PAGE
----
Submit Data |  Help |  Video Tutorials |  News |  Publications |  FTP Download |  REST API |  Citing RGD |  Contact   

Hypochondroplasia and Acanthosis nigricans: a new syndrome due to the p.Lys650Thr mutation in the fibroblast growth factor receptor 3 gene?

Authors: Castro-Feijoo, L  Loidi, L  Vidal, A  Parajes, S  Roson, E  Alvarez, A  Cabanas, P  Barreiro, J  Alonso, A  Dominguez, F  Pombo, M 
Citation: Castro-Feijoo L, etal., Eur J Endocrinol. 2008 Sep;159(3):243-9. doi: 10.1530/EJE-08-0393. Epub 2008 Jun 26.
Pubmed: (View Article at PubMed) PMID:18583390
DOI: Full-text: DOI:10.1530/EJE-08-0393

BACKGROUND: Hypochondroplasia (HCH) is a skeletal dysplasia inherited in an autosomal dominant manner due, in most cases, to mutations in the fibroblast growth factor receptor 3 (FGFR3). Acanthosis nigricans (AN) is a velvety and papillomatous pigmented hyperkeratosis of the skin, which has been recognized in some genetic disorders more severe than HCH involving the FGFR3 gene. OBJECTIVE AND DESIGN: After initial study of the proband, who had been consulted for short stature and who also presented AN, the study was extended to the patient's mother and to 12 additional family members. METHODS: Clinical, biochemical and radiological studies were performed on the family. In addition, exons 11 and 13 of FGFR3 were analyzed. RESULTS: The proband and ten relatives presented HCH plus AN and the analysis of FGFR3 showed the p.Lys650Thr mutation. The members with normal phenotypes were non-carriers of the mutation. CONCLUSION: This is the first report of a large pedigree with the clinical phenotype of HCH plus AN due to a FGFR3 mutation, p.Lys650Thr. This finding demonstrates the coexistence of both conditions due to the same mutation and it might represent a true complex, which should be further established by searching for AN in mild HCH patients or for HCH in patients with AN.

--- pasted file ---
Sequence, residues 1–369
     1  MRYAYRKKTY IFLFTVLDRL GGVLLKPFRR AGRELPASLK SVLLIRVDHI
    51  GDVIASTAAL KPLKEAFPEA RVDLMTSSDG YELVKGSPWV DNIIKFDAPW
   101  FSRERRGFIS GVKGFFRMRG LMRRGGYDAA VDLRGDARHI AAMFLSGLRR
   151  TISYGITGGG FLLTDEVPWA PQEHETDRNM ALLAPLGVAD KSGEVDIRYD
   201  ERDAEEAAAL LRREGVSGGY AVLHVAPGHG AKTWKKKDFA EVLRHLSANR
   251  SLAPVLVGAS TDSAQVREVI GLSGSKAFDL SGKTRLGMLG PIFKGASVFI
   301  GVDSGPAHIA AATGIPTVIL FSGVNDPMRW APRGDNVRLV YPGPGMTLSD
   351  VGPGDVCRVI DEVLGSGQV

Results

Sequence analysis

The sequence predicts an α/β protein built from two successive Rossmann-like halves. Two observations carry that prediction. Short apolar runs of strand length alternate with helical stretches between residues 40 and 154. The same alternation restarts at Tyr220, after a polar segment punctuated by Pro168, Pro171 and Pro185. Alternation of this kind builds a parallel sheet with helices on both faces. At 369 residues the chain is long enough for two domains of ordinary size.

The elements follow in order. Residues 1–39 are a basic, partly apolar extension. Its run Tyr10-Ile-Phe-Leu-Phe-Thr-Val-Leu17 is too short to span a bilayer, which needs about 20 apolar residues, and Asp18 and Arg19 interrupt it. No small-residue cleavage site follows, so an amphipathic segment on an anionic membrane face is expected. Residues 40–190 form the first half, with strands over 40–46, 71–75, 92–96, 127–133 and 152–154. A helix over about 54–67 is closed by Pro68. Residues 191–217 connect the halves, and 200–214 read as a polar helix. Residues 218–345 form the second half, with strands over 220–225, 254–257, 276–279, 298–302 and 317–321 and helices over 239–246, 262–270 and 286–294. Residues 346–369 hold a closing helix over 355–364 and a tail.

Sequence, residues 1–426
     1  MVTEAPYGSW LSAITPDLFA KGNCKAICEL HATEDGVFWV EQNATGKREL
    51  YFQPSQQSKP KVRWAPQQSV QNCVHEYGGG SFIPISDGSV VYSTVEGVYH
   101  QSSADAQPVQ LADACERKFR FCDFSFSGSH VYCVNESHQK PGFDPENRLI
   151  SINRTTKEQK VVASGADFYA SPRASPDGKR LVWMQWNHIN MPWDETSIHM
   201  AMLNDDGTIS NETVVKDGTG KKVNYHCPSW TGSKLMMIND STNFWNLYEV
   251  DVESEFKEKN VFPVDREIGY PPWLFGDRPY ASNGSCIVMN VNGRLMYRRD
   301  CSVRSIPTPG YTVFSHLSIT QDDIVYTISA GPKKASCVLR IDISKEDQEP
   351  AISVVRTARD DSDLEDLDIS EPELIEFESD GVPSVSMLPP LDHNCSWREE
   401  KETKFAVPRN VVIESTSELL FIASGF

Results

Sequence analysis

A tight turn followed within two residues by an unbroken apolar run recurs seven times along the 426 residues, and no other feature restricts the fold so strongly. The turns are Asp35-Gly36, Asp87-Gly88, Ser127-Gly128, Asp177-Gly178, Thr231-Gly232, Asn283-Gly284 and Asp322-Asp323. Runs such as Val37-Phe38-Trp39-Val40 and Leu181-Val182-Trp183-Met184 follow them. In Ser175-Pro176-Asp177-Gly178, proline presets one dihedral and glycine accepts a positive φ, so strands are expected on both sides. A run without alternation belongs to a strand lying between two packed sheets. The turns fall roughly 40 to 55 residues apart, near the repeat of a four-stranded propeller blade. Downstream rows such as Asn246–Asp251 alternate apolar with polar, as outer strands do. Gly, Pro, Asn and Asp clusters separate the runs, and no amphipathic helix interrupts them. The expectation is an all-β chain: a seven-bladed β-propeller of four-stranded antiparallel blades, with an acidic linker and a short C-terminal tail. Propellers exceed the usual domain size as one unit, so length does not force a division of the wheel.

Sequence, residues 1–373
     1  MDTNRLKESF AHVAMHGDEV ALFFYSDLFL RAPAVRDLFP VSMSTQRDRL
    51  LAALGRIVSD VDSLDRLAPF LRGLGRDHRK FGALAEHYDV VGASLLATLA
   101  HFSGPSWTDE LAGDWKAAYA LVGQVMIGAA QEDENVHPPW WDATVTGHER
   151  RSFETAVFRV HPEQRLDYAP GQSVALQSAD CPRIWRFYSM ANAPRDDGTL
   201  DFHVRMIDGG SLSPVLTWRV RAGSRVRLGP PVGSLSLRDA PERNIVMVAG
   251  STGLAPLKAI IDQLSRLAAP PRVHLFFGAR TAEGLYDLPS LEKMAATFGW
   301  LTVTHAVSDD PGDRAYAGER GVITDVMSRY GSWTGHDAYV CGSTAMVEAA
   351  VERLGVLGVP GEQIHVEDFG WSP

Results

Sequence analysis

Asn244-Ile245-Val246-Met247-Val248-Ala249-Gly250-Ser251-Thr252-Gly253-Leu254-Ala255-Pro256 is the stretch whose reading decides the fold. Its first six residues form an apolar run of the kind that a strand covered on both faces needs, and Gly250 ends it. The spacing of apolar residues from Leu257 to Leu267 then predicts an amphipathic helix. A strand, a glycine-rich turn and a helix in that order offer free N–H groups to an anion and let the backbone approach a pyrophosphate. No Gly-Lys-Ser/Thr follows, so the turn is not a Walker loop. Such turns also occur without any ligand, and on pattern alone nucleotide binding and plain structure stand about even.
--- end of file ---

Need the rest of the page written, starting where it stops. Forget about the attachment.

Annotation

Disease Annotations
Objects Annotated

Additional Information

 
RGD Object Information
RGD ID: 11568026
Created: 2016-12-06
Species: All species
Last Modified: 2016-12-06
Status: ACTIVE



NHLBI Logo

RGD is funded by grant HL64541 from the National Heart, Lung, and Blood Institute on behalf of the NIH.